|Publication number||US4481572 A|
|Application number||US 06/310,458|
|Publication date||Nov 6, 1984|
|Filing date||Oct 13, 1981|
|Priority date||Oct 13, 1981|
|Publication number||06310458, 310458, US 4481572 A, US 4481572A, US-A-4481572, US4481572 A, US4481572A|
|Inventors||Brandt P. Ochsner|
|Original Assignee||Teledyne Industries, Inc.|
|Export Citation||BiBTeX, EndNote, RefMan|
|Patent Citations (7), Referenced by (61), Classifications (4), Legal Events (6)|
|External Links: USPTO, USPTO Assignment, Espacenet|
1. Field of the Invention
The present invention relates to the field of time shared buses used by digital computers for information transfers.
2. Prior Art
Various types of bus structures for communication between the various elements of a computer system are well known in the prior art. Such structures include both unidirectional and bidirectional structures, and associated protocol, for both synchronous and asynchronous communication. While it would not be appropriate to provide a treatise herein on bus structures, it may be useful to generally describe a specific structure which has been particularly commercially successful and to note certain characteristics and limitations thereof.
In particular, the PDP-11, manufactured by Digital Equipment Corporation (DEC), utilizes a bus structure referred to by DEC as the Unibus, wherein a CPU, memory and peripheral devices are all coupled in parallel on a bidirectional bus. The bus itself is an asynchronous bus comprising a set of bidirectional address lines, a set of bidirectional data lines and a set of control lines. In general, communication between any two units on the bus is achieved in a master-slave relationship, with the unit initiating the communication serving as the master and the other unit serving as the slave. Usually the CPU will be one of the two units in any bus operation, in which case the CPU will take the position of the master, though inherent in the bus structure is a direct memory access capability not involving the CPU.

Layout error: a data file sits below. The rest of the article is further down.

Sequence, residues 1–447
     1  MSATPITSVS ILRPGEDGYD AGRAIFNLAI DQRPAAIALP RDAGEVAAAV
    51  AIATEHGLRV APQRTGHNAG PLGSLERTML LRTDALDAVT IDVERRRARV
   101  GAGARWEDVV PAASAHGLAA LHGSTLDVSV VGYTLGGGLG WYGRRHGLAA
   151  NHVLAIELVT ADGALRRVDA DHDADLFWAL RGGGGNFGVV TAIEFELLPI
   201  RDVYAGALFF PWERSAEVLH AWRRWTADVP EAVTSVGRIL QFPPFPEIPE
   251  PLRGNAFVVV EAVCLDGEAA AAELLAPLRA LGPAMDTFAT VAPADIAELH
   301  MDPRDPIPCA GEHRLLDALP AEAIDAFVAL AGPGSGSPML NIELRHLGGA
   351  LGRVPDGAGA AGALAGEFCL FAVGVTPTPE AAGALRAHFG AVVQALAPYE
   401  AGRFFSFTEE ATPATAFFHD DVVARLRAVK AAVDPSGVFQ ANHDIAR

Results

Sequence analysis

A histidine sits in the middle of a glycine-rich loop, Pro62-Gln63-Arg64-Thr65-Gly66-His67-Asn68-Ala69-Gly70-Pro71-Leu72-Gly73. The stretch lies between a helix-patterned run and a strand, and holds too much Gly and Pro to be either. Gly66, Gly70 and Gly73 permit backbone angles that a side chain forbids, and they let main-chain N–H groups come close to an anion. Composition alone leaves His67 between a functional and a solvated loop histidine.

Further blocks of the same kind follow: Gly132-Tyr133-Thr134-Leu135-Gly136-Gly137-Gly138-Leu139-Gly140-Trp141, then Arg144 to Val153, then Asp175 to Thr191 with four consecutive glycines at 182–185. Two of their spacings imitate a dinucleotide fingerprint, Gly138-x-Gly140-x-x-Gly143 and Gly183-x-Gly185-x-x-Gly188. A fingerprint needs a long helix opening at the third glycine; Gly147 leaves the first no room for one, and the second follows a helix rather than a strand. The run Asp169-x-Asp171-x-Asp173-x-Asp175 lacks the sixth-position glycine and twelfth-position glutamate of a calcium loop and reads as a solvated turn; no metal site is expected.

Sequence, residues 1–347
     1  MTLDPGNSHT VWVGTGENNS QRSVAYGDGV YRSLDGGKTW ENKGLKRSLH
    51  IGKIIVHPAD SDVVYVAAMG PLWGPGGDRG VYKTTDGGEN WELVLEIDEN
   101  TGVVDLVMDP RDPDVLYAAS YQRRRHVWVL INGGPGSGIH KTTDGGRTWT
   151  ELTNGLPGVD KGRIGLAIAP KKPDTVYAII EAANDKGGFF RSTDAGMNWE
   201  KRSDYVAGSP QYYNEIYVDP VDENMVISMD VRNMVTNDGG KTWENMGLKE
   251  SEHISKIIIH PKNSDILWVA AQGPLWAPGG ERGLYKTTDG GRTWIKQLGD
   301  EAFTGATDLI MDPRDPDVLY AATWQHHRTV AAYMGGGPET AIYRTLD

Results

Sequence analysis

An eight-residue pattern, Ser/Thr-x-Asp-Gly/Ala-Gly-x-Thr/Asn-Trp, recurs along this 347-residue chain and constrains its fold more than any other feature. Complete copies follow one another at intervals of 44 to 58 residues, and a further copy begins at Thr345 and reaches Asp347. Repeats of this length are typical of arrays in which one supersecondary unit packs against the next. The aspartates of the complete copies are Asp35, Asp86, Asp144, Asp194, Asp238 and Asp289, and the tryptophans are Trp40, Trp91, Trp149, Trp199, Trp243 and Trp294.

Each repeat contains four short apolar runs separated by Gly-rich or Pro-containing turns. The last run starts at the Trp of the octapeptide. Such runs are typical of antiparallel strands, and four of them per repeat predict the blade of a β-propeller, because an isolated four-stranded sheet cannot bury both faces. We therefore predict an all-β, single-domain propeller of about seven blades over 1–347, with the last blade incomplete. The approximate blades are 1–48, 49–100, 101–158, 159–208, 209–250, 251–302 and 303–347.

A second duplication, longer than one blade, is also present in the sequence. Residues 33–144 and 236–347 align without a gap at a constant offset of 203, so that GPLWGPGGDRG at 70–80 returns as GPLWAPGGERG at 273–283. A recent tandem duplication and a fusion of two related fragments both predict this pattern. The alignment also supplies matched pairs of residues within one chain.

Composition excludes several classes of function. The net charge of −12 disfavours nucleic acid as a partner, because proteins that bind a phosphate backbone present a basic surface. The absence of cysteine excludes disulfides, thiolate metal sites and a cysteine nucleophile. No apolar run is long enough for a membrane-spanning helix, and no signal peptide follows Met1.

In a typical bus operation for the Unibus, both the address bus and the data bus are busy throughout most of the time required for the bus operation. By way of specific example, when the CPU addresses memory for an instruction or for an operand, the CPU seizes the bus and asserts the memory address and control signals thereon. The bus will remain tied up until the address is decoded, the data at the decoded location is placed on the bus and is received by the CPU. Consequently, even though separate address and data busses are provided, time sharing of the busses with other units is substantially impossible. Further, because the bus is tied up not only during the address and data communication times, but also throughout the memory (or other unit) cycle, bus operations may be relatively slow dependent upon the speed of the units on the bus. This is not to say that the bus does not have certain advantages, particularly with respect to its flexibility with respect to both hardware and software, though for the foregoing reasons, speed is not one of its greater assets.